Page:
Jefferson County officials are demanding answers from the U.S. Coast Guard after a fuel tanker with “steering problems” was allowed to cross the St. Lawrence Seaway guided by a tug latched to its side.
Neither local emergency response agencies nor county officials were given any warning to prepare them for a potential disaster, said County Legislator Philip N. Reed, R-Fishers Landing.
Mr. Reed said he is now trying to figure out how the Sarah Desgagnes — a 479-foot vessel carrying a full load of gasoline — had been cleared to finish its trip to Sarnia, Ontario, and why no one here was notified.
According to MarineTraffic.com, the vessel, owned by Groupe Desgagnes, Québec City, was last reported to be passing Detroit about 10 a.m. Thursday.
“If it bears out to be true, it would be very disturbing,” he said, especially because it implies the Coast Guard gave a malfunctioning ship the green light to pass the American Narrows, the most difficult part of the Seaway to navigate.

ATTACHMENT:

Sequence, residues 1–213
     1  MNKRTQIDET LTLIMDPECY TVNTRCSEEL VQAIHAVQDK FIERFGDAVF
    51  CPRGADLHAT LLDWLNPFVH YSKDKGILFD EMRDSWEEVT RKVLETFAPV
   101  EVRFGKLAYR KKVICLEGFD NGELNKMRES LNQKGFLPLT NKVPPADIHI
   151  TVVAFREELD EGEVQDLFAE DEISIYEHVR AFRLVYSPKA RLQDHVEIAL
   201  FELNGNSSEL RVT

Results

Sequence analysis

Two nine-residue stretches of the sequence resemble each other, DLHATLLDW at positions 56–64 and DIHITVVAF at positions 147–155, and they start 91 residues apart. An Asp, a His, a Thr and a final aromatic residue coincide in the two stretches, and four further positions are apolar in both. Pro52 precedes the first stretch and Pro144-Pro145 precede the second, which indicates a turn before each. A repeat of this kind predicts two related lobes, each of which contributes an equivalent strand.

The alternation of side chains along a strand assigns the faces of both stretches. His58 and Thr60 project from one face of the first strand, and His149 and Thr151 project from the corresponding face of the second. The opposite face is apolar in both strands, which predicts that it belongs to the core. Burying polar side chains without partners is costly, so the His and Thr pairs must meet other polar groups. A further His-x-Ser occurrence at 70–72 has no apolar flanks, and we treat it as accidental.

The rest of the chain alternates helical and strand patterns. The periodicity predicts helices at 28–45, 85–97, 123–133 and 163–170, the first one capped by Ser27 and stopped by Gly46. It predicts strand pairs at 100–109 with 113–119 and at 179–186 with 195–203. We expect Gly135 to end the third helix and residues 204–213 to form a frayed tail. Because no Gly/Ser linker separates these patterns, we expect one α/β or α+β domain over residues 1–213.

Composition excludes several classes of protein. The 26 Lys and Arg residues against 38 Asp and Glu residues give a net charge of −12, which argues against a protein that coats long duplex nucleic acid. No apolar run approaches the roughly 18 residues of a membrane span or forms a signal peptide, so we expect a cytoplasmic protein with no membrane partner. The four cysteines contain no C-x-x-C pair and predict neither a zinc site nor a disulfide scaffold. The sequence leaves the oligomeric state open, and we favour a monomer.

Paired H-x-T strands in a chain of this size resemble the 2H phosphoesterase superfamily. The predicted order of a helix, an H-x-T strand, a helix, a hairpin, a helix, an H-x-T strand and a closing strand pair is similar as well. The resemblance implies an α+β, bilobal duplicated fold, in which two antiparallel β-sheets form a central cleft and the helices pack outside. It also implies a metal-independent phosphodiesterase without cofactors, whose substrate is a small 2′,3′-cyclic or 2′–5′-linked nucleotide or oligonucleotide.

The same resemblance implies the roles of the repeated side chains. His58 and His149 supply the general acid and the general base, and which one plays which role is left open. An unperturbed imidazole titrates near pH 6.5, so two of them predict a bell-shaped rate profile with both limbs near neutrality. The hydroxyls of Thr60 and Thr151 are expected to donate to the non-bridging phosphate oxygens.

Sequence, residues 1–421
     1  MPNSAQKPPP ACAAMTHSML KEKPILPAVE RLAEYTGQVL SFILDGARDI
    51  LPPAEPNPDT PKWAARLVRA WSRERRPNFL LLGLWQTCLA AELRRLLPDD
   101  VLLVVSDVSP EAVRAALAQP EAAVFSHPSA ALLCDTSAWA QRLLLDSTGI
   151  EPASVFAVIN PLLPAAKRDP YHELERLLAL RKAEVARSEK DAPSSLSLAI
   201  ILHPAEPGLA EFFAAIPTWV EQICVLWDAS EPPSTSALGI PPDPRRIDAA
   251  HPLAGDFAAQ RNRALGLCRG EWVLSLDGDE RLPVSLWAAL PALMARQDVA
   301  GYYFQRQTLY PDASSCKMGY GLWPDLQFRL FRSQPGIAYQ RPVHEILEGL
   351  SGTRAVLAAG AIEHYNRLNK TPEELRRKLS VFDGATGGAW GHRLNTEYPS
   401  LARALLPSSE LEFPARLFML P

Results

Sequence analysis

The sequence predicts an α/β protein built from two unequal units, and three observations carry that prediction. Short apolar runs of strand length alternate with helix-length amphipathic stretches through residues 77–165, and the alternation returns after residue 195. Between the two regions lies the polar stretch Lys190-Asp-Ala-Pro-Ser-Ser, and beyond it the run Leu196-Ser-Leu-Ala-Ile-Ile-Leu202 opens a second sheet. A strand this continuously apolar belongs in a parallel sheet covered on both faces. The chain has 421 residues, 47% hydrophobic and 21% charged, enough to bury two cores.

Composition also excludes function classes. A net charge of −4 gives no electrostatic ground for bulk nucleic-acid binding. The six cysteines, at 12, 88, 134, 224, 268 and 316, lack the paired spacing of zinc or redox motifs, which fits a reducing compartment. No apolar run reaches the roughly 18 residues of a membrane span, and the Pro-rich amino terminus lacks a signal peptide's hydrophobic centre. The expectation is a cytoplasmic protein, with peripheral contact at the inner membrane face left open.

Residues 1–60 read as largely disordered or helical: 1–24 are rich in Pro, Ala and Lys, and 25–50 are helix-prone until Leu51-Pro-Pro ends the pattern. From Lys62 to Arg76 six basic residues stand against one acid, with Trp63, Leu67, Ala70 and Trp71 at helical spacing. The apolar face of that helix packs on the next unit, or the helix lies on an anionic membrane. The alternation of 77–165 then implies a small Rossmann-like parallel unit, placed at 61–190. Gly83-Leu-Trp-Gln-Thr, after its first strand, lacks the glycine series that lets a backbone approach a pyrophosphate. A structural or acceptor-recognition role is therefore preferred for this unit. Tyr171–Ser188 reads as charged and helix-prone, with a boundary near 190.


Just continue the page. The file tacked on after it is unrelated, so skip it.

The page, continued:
Ronald G. Thomson, owner of Uncle Sam Boat Tours, said he saw the vessel passing Alexandria Bay on Tuesday night with a tug strapped to its port side, about two-thirds of the way up to the ship’s bow.
Groupe Desgagnes company officials, however, said the vessel had indeed experienced some issues related to “wear and tear” but that it was “functional” by the time it was allowed to continue on and that the tug was attached simply as a “precautionary measure.”
The company said the Sarah Desgagnes, which left New York City for Sarnia about two weeks ago, did not do a 360-degree turn after losing control as some witnesses on the St. Lawrence River claimed.
Jennifer J. Caddick, outgoing executive director of Save the River, Clayton, said any number of things could have gone wrong and area officials should have been notified.
She said she confirmed with Seaway officials Thursday morning that the vessel had “steering problems,” but details were scarce as to what exactly went wrong and why the ship had to be tied up at the Iroquois Locks in Massena for a few days.
Seaway officials could not be reached for comment.